Will Leroy King be swept away for fraud now?

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Leroy King and his lawyer Dr. David Dorsett are yet to discuss what they plan to do after being defeated in the Court of Appeal in what was yet another attempt to toss an order to extradite the embattled former boss of the Financial Services Regulatory Commission (FSRC).
Dr. Dorsett told OBSERVER media yesterday afternoon that he had not yet received a copy of the decision of the Eastern Caribbean Supreme Court, thus they are unable to determine their next move.
In response to the question about whether there would be an appeal or another application to challenge the extradition on some legal ground not yet explored, Dorsett said, “I have to see what the court has said, we are awaiting formal notice of the judgement.”
Currently, there is no stay of execution in place on the ruling of the Court of Appeal, and this means that King could be swept up and taken to face the U.S. court on the 11 fraud related charges filed in that jurisdiction.
A warrant to deliver King was signed several years ago but he remains in Antigua after filing multiple challenges to his extradition and each time he lost, he filed a new one.
The Director of Public Prosecution, Anthony Armstrong explained that this case is one that demonstrates how tedious and lengthy extradition matters can be.
“Extradition matters are highly technical and very tedious and involves several layers of law. The case demonstrated that even when they are being dealt with expeditiously, extradition matters can take quite a while to complete. In this one, Mr. King has done what he has a right to do, fought at every single stage.”
In 2010, the Government of the United States made a request to the Government of Antigua and Barbuda to extradite King, the former administrator of the FSRC.
Documents which were sent, showed that the request was grounded in a 21-count indictment returned in 2009 by a Grand Jury in the State of Texas. That indictment also charged the now infamous Allen Stanford as well as a number of other persons, most of whom were subsequently found guilty or pleaded guilty, Stanford was sentenced to 110 years in jail.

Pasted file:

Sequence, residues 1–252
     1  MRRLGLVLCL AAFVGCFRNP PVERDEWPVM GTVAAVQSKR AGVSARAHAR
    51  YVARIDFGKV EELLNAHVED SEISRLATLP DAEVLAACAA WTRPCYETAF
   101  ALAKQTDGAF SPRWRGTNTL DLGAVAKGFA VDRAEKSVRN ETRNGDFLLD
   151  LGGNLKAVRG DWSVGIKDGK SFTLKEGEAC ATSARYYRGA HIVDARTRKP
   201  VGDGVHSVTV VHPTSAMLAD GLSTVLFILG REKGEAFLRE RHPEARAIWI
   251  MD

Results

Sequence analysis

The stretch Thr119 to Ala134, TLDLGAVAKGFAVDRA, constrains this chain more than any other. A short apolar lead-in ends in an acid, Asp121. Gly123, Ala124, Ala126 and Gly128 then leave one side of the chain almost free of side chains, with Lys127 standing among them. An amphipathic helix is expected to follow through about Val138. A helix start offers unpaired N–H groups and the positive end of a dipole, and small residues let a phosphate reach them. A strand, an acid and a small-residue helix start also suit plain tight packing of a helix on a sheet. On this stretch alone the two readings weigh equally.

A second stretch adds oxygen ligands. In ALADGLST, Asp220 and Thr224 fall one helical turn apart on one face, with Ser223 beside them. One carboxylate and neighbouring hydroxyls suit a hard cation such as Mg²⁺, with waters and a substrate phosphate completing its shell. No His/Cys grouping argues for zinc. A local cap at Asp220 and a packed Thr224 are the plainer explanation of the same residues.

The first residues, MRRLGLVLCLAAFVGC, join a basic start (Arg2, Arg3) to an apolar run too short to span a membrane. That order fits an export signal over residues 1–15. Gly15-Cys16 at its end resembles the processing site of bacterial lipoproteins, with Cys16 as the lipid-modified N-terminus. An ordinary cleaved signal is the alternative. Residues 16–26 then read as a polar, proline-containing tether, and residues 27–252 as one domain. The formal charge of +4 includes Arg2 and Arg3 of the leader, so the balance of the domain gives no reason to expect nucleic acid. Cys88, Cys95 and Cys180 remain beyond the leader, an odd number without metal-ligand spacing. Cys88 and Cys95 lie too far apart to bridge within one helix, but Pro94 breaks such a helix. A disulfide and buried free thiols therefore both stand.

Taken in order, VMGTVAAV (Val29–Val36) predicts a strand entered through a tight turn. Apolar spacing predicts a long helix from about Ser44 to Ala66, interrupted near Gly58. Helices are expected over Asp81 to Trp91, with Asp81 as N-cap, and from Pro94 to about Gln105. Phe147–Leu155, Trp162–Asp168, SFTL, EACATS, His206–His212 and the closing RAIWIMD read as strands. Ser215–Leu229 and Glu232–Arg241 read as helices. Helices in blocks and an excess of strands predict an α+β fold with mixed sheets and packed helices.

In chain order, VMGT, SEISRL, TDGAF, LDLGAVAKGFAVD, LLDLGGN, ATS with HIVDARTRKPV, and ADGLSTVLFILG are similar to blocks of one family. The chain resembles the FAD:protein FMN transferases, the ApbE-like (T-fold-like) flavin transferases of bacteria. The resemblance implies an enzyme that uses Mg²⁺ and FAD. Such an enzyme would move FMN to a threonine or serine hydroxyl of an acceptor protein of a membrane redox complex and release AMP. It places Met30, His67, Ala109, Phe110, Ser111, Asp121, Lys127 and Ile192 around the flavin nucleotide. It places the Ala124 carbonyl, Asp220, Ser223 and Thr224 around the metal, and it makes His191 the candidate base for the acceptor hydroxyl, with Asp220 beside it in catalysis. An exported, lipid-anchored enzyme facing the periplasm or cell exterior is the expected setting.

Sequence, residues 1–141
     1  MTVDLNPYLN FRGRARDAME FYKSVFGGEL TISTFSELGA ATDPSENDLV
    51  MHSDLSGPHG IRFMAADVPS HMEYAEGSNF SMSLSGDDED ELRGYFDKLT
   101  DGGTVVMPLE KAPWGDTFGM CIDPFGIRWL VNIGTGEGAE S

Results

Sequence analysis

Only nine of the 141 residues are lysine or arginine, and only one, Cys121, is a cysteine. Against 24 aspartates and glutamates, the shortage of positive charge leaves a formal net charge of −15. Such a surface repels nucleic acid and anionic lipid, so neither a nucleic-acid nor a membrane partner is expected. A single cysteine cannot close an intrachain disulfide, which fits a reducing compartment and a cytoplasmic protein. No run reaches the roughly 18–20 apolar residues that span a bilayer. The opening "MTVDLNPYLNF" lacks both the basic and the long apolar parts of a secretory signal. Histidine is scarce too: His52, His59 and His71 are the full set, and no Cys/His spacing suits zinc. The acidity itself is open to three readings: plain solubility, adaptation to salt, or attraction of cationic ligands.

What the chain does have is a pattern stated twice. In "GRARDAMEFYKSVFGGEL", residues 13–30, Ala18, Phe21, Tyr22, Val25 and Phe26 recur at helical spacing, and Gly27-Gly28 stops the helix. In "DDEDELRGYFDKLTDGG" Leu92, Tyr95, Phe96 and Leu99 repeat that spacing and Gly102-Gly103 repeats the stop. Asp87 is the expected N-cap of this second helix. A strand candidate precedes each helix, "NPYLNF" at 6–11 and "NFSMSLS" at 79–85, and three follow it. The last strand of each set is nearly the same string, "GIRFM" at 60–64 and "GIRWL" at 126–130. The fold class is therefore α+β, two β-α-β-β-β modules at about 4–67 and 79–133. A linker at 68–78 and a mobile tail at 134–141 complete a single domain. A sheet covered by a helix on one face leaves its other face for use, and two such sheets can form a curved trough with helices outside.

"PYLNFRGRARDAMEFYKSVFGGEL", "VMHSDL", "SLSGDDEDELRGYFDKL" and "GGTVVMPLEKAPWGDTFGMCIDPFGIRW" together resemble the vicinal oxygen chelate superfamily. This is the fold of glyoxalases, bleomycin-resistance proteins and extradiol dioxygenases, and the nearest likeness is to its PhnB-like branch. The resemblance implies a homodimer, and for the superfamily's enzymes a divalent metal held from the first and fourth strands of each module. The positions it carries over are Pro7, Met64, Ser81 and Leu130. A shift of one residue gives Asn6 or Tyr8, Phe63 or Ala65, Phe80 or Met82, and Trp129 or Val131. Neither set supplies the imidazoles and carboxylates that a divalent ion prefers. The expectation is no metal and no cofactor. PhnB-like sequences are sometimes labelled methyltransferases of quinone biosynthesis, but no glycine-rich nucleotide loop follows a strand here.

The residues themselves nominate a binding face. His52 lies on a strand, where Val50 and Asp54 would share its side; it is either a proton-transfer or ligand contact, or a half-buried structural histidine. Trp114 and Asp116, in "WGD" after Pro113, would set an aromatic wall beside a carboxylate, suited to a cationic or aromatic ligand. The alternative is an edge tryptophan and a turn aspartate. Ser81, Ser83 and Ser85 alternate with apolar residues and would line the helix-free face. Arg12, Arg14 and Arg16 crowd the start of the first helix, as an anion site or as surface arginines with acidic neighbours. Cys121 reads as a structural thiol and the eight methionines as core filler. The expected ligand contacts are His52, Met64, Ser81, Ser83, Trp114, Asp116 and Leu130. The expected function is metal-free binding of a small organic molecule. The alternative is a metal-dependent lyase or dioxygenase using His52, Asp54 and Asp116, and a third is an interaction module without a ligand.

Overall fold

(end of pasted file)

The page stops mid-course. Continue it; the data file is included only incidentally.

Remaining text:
In 2010, King was also committed for extradition by the then Chief Magistrate Ivan Walters under the Extradition Act 1993.
Following his committal, King mounted a challenge in the High Court pursuant to section 13 of the Act for Habeas Corpus and also sought an order of certiorari to quash the committal.
The High Court, in early 2012 upheld in part his challenge by quashing 10 of the 21 charges, leaving him facing 11 allegations.
Immediately after this, the Minister of Foreign Affairs who was Baldwin Spencer at the time, exercising powers under the Extradition Act, gave notice to King by a letter on February 10, 2012, that he should show reasons why an order of return should not be made against him pursuant to section 14 of the Act.
King did not respond immediately, but six days later, he appealed the decision of the High Court to the Court of Appeal. And, then a month later, the Court of Appeal dismissed the appeal on the basis that it had no jurisdiction pursuant to section 31 to hear an appeal which arose from a ‘criminal cause of matter’.
In that same month, Foreign Affairs Minister Spencer ordered King’s return to the U.S. in relation to the charges for which he was committed.
He signed a warrant for the extradition and King received it on April 1, 2012.
Prior to the delivery of the warrant, King filed a constitutional motion seeking a number of declarations and orders. And, then when he received the warrant, he amended his claim and contended on the motion that his fundamental rights had been breached during the extradition process and he ought not to be returned.
Court records from judgments show that he asked for declarations to the effect that (a) he had a fundamental right to the protection of the law as guaranteed by section 3 of the Antigua and Barbuda Constitution and this right had been breached by the Extradition Act failing to provide him with a right of appeal beyond the High Court; (b) to grant a right of appeal beyond the High Court to the requesting states when no such access was given to the person who was the subject of the request, was discriminatory and in breach of section 14 of the Constitution. On the basis of these and other grounds he sought an order to prohibit his return.
That motion also included an application for leave to apply for judicial review of Spencer’s decision to order the return of the claimant to the U.S. That application did not contain any grounds and did not otherwise comply with the Civil Procedure Rules. Numerous back and forth appearances occurred up until 2016 with further appeals and hearings, and this continued into 2017 and was further stretched into this year, with the latest ruling coming down from the Court of Appeal on Tuesday September 18. The court struck down all the aforementioned constitutional challenges and related applications.
The DPP, Armstrong has been leading the extradition case for the Crown since 2009.
Yesterday, he told OBSERVER media that although the case has been before the court for nine years, it is important to note that it has been dealt with expeditiously each time.
“The point I seek to make is that persons must not assume that because matters are not being dealt with based on their time table that there is nothing happening or that there is something afoot,” he said.

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